Don’t be surprised by the violent death of a man at Pentonville Prison – the numbers told us this was coming

This is the third homicide in a prison in England and Wales so far this year. During the 1990s, by way of comparison, there were only one or two annually

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A single dramatic incident is sometimes as effective as a formal inquiry in showing that something is wrong, very wrong. So it is with the killing of a prisoner at Pentonville Prison in London on Tuesday. The victim, who died from knife wounds, was in his twenties. Two other prisoners were taken to hospital. This is the third homicide in a prison in England and Wales so far this year. There were eight in 2015. During the 1990s, by way of comparison, there were only one or two a year.

Suicides in prisons show the same increase. There were on average 55 suicides per annum in the 1990s. In the 12-month period between June 2015 and June 2016, a total of 105 prisoners had taken their own lives. At Woodhill Prison near Milton Keynes, for instance, there have been eight deaths in nine months, the most recent a death by hanging at the end of August.

You would expect the Prison Officers Association to be concerned and apprehensive, but there is something about the language it uses that goes beyond the everyday arguments between employers and staff. A spokesman said: “Uniformed staff and prisoners are working and living in squalid and brutal conditions … if a society is judged by how it treats those it locks up, then we are in a very dark place.”

But the explanation is simple. Fewer staff look after more prisoners. Since 1993, the prison population in England and has nearly doubled to 84,000. And the number of staff employed in prisons has fallen by 30 per cent.    

It is not just the prison service that is in this situation. Unfortunately the entire justice system has been starved of funds as a result of the severe cuts in government spending imposed by the former Chancellor of the Exchequer, George Osborne. Legal aid has been cut back; probation services have been subject to a misconceived and mishandled privatisation programme, and even the magistracy is under pressure as a result of court closures.  

For people whose incomes are low, legal aid can help meet the costs of legal advice, family mediation and representation in a court or tribunal. This is one of the marks of a civilised society. The poor must have fair access to the justice system. But the Government’s recent cuts in legal aid have put this in doubt.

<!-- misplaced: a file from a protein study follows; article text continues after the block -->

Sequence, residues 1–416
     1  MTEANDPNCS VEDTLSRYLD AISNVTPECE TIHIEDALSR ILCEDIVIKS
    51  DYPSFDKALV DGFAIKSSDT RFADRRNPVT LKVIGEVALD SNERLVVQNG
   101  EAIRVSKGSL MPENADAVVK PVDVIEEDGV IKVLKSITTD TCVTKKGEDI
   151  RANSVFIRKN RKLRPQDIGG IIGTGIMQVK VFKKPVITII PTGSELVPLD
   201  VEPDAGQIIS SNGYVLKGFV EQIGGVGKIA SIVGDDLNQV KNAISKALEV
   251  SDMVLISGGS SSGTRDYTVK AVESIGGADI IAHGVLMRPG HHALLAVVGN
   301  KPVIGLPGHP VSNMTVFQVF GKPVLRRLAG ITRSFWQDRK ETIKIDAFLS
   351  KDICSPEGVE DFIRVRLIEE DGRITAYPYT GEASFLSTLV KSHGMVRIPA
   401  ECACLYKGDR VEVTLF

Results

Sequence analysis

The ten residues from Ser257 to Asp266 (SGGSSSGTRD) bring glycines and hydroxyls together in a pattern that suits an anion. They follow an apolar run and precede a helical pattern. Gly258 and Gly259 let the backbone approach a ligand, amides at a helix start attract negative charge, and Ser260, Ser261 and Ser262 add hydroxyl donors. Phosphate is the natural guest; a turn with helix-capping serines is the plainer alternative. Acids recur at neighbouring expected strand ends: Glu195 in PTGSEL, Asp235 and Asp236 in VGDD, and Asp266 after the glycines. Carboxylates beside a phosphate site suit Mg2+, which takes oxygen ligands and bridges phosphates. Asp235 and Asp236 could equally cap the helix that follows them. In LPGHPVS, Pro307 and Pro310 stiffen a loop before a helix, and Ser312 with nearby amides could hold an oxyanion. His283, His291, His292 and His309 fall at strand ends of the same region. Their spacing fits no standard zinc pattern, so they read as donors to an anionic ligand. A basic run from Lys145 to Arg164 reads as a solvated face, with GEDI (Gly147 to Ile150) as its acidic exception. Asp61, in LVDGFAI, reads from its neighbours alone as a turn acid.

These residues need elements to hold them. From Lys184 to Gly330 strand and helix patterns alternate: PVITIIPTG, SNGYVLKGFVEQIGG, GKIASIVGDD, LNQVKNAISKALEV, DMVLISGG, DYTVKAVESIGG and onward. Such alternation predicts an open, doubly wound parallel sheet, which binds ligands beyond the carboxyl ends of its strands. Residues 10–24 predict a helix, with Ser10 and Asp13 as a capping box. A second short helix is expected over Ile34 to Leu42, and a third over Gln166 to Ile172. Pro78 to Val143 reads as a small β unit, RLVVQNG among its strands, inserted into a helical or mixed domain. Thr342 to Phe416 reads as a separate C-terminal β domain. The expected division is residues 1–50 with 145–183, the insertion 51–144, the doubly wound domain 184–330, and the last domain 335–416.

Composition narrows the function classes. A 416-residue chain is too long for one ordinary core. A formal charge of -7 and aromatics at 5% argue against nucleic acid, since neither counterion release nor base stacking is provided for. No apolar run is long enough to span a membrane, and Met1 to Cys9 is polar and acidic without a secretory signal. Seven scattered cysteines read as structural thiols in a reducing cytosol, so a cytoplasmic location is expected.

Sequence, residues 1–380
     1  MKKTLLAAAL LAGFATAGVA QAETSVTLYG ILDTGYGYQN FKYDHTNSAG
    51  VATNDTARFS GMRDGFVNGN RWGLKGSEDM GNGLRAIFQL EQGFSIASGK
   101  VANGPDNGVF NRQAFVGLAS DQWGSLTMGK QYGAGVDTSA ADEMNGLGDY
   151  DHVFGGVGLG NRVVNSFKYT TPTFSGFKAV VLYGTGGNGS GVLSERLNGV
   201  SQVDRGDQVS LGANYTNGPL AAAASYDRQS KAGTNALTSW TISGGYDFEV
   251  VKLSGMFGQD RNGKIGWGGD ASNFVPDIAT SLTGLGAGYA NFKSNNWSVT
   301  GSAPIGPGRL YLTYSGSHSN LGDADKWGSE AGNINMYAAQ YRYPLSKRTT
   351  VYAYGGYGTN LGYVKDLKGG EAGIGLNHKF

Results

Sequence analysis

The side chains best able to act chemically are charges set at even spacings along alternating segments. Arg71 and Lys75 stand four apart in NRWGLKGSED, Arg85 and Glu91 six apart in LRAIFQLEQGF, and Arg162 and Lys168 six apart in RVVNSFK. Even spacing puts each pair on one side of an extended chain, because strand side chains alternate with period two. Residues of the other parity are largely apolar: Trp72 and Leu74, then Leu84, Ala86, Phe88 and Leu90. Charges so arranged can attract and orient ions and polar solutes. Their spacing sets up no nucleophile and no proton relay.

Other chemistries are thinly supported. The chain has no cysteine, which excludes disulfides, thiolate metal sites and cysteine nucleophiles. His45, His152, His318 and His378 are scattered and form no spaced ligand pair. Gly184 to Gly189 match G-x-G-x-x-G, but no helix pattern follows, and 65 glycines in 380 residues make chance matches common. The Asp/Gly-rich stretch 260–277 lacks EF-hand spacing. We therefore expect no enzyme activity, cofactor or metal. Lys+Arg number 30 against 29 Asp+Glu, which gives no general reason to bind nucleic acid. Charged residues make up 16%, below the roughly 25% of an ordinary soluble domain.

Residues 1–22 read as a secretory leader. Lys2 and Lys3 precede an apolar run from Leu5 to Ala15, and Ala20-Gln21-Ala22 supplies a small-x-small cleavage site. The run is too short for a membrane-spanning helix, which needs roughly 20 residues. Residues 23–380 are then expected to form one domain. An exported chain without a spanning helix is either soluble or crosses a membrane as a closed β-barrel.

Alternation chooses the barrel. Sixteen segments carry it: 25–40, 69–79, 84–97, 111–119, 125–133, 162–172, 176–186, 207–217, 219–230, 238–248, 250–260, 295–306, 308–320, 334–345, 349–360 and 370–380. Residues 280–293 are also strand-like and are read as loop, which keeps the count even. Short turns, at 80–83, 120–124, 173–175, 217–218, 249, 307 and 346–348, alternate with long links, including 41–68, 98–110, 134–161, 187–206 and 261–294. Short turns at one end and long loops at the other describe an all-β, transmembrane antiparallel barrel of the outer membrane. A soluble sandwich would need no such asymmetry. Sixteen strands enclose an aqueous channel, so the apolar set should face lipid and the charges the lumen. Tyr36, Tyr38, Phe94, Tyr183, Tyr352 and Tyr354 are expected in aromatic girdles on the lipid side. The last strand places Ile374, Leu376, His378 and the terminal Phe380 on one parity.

Vulnerable women, for instance, are now having to appear in the family courts without legal representation. Some people denied legal aid are representing themselves in court. The result is that miscarriages of justice and long delays are becoming more common.

Then there is the privatisation of probation services. May I remind you what the work of probation entails? Its essence is the establishment of a relationship between a probation officer and an offender. Former Chief Inspector of Probation, Andrew Bridges, described it thus: “The heart of probation practice is about using one’s influencing skills in a one-to-one relationship.” This is obviously a delicate and sophisticated process. Yet many of the private sector successful bidders for probation contracts had never been involved with the process before.

Now it turns out, as reported by the Financial Times a week ago, that almost every contract to provide probation services in England and Wales is lossmaking. Apparently contracts were drawn up that overstated the number of offenders that would be managed by private sector bidders, suggesting revenues would be far higher. What chaos. It makes one shiver.

There has also been a drive to cut the number of court and tribunal buildings in England and Wales. Some 86 are to close, of which half are magistrates’ courts. For many people this will mean longer travelling times, often well over an hour, to get to court.   

This may seem like a small inconvenience in the scheme of things. But as I contemplate the many murders and suicides in English prisons and the multiple deficiencies elsewhere in the justice system, I cannot keep out of my mind the famous words of the English philosopher, Thomas Hobbes, written 365 years ago in his Leviathan: “The life of man, solitary, poore, nasty, brutish, and short.”